That threat puts federal, state and local officials under pressure to come up with money for flood projects to let development resume and free constituents from paying hefty flood insurance premiums. But the hurricanes that raged across Florida and the Gulf Coast this year have served notice that governments may need to prepare for something worse than once-in-a-century floods--from unexpectedly monstrous tempests to thawing mountain snows caused by climate change--that could overwhelm existing flood protections for inland regions as well as seaside communities.
In 1936, after a series of damaging floods, the Corps of Engineers took on the mission of defending communities by building high dams and lining rivers and bays with fabricated earth and concrete structures. Additional flood-control structures have been built by local agencies, farmers or subdivision developers, and their soundness is open to question. In 1976, a six-month-old U.S. Bureau of Reclamation earthen irrigation dam failed on the Teton River, killing 11 people and flooding Rexburg, Idaho, and several other towns downstream.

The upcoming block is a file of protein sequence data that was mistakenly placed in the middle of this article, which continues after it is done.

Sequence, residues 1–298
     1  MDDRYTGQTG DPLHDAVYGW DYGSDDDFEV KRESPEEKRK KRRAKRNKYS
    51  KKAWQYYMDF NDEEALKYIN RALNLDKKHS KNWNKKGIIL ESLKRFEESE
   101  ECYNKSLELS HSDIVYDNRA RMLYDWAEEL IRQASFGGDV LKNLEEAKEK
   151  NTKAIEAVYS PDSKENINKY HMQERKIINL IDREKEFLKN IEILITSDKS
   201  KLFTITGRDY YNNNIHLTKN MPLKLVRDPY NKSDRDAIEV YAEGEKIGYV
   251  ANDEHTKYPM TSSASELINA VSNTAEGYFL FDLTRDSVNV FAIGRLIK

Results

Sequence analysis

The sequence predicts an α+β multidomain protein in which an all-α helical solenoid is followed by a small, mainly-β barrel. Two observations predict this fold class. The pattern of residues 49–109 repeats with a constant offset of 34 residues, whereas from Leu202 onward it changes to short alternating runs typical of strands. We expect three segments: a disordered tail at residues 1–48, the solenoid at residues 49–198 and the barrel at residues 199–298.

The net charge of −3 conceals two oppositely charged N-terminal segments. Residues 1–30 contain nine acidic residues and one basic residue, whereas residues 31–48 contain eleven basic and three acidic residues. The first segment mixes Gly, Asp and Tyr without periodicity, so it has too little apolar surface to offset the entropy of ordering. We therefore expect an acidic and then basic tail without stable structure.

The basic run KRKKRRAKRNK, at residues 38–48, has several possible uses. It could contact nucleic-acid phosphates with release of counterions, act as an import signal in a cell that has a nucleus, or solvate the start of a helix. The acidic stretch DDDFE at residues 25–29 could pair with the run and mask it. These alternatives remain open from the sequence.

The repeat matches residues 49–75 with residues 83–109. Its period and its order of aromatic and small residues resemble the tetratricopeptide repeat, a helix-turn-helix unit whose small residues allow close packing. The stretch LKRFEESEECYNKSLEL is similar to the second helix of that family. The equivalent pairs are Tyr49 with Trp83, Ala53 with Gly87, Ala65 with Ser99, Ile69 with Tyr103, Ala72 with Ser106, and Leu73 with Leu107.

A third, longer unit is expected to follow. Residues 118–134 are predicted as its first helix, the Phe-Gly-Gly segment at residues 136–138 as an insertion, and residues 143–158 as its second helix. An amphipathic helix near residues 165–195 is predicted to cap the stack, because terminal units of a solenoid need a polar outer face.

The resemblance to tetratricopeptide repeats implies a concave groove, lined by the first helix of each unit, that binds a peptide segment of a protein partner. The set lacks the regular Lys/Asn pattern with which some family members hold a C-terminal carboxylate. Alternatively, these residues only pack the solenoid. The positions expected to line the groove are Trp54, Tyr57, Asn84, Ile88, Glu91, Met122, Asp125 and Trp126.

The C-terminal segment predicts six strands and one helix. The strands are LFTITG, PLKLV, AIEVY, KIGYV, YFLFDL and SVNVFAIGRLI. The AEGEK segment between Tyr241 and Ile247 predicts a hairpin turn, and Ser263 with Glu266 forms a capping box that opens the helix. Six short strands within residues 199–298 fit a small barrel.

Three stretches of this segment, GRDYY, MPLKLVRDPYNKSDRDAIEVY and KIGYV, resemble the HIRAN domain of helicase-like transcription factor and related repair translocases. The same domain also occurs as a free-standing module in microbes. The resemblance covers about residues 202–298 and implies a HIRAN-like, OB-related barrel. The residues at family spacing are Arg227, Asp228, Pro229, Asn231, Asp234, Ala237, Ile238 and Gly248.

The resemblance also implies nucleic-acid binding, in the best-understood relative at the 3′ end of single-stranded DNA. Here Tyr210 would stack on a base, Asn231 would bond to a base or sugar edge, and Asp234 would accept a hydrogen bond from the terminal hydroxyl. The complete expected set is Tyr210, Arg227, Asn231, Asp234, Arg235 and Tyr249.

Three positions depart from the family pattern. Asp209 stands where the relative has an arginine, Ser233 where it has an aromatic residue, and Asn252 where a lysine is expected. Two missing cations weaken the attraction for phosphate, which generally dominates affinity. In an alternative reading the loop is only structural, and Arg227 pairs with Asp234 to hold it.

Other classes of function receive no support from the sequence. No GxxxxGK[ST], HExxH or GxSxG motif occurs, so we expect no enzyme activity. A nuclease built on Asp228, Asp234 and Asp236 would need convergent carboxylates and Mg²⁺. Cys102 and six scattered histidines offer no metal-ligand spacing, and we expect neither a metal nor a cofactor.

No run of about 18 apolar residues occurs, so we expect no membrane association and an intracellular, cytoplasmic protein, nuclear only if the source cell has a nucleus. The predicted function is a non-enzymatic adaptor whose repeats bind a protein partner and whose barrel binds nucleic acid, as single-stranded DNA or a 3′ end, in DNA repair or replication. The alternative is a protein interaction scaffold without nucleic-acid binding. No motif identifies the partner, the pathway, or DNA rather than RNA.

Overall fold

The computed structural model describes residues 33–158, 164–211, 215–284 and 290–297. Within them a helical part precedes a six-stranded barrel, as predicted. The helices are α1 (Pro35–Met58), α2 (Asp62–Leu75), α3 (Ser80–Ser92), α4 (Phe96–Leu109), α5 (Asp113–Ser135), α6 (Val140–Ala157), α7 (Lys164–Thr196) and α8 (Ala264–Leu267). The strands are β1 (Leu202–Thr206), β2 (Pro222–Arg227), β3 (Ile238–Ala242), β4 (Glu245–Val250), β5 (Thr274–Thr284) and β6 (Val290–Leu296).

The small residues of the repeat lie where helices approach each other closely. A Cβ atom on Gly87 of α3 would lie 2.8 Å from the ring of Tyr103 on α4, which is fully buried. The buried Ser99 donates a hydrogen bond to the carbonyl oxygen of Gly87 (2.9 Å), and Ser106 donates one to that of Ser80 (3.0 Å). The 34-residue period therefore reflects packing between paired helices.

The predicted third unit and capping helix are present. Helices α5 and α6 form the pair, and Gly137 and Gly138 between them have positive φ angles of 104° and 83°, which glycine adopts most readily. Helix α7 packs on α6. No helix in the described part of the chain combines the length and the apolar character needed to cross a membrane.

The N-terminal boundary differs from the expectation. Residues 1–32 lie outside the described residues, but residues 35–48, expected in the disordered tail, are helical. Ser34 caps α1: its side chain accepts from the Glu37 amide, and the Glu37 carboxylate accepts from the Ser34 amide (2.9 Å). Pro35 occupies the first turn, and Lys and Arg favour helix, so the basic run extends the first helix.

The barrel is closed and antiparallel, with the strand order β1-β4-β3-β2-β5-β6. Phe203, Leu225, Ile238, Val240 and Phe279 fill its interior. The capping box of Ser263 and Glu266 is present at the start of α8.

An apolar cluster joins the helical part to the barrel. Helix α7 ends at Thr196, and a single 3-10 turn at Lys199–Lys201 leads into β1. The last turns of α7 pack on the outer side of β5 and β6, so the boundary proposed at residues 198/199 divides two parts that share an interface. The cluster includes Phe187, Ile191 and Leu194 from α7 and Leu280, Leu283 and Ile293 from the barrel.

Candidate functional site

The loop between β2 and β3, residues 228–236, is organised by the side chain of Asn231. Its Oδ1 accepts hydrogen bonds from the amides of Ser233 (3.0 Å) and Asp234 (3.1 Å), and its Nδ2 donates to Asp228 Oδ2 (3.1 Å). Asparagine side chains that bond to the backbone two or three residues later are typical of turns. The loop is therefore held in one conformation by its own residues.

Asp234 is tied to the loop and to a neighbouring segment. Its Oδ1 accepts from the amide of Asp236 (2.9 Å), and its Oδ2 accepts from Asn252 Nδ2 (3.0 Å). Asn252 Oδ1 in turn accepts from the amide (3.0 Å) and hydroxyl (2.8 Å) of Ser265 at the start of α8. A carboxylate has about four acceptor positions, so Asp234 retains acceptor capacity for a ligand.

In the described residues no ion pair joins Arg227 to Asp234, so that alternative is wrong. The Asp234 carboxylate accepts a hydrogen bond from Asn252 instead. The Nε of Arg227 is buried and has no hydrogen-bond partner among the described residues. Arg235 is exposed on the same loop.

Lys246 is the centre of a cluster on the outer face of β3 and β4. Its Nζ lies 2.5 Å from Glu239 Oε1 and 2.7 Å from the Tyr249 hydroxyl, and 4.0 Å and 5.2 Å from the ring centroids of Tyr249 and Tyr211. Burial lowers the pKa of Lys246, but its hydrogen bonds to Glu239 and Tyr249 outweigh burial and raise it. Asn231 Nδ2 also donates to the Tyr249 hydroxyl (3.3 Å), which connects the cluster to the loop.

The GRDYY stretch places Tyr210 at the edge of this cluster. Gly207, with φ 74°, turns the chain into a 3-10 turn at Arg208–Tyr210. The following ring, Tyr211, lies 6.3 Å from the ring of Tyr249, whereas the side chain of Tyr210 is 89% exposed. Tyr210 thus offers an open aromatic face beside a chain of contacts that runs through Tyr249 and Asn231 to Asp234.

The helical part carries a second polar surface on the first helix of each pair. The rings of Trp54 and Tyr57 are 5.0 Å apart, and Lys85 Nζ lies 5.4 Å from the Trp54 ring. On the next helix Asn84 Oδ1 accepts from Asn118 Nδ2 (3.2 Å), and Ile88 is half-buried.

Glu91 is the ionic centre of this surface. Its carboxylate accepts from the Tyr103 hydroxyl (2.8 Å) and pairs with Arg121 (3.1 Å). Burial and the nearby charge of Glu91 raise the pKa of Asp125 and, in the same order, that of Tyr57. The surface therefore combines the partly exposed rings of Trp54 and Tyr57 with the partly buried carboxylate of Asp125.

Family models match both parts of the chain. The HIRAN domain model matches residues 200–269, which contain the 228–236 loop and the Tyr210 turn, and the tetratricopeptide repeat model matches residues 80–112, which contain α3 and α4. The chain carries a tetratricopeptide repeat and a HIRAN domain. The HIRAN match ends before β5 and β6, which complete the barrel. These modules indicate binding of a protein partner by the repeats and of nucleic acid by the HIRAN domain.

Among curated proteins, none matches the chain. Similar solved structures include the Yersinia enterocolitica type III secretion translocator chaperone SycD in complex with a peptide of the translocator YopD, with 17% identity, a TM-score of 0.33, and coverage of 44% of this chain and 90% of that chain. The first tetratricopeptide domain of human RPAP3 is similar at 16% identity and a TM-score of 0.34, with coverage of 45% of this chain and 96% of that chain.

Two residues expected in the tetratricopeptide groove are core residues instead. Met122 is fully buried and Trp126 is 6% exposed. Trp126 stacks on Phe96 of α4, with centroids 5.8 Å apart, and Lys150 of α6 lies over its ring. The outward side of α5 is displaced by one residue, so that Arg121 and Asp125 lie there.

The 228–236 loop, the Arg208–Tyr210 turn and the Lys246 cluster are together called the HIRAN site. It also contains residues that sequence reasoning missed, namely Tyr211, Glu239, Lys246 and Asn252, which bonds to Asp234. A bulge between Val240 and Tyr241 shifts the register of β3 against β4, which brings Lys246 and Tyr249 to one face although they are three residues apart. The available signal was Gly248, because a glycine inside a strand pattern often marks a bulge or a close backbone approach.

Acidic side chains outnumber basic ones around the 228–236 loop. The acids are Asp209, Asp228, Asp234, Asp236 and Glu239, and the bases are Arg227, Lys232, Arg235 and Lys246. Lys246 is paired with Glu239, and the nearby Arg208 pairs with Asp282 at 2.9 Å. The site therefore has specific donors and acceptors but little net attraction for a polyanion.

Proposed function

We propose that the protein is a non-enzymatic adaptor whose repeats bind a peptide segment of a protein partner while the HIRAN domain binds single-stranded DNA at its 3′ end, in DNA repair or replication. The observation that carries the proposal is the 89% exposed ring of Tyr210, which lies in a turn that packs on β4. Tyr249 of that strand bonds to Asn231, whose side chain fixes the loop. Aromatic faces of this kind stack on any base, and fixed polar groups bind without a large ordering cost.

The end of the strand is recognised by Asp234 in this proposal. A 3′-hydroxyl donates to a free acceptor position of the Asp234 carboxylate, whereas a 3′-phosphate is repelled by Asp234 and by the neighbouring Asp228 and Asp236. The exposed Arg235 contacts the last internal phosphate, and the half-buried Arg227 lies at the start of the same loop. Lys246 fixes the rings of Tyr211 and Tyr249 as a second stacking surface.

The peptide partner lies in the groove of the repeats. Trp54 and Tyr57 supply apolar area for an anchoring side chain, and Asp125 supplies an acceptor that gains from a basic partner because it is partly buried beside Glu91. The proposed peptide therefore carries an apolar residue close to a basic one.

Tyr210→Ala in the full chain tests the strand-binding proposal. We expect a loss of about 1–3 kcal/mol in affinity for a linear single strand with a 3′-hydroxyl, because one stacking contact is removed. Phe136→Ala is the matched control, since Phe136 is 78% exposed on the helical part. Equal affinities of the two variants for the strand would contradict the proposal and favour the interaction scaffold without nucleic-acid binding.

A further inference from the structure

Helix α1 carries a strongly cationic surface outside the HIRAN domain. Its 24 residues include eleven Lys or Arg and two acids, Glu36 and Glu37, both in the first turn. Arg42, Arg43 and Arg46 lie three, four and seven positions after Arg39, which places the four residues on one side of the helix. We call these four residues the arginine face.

Congress responded to that tragedy by ordering regular safety inspections of the nation's 79,000 public and privately built dams. Even so, the American Society of Civil Engineers figures that 3,500 dams remain unsafe; 29 have failed in the past two years. Just this fall, Taunton, Massachusetts, evacuated 2,000 residents for three days when heavy rains threatened a sagging 173-year-old dam above the city. After that scare, commonwealth officials decided to start enforcing safety guidelines for 2,600 private and municipal dams--and spend $32 million to repair another 338 state-owned structures.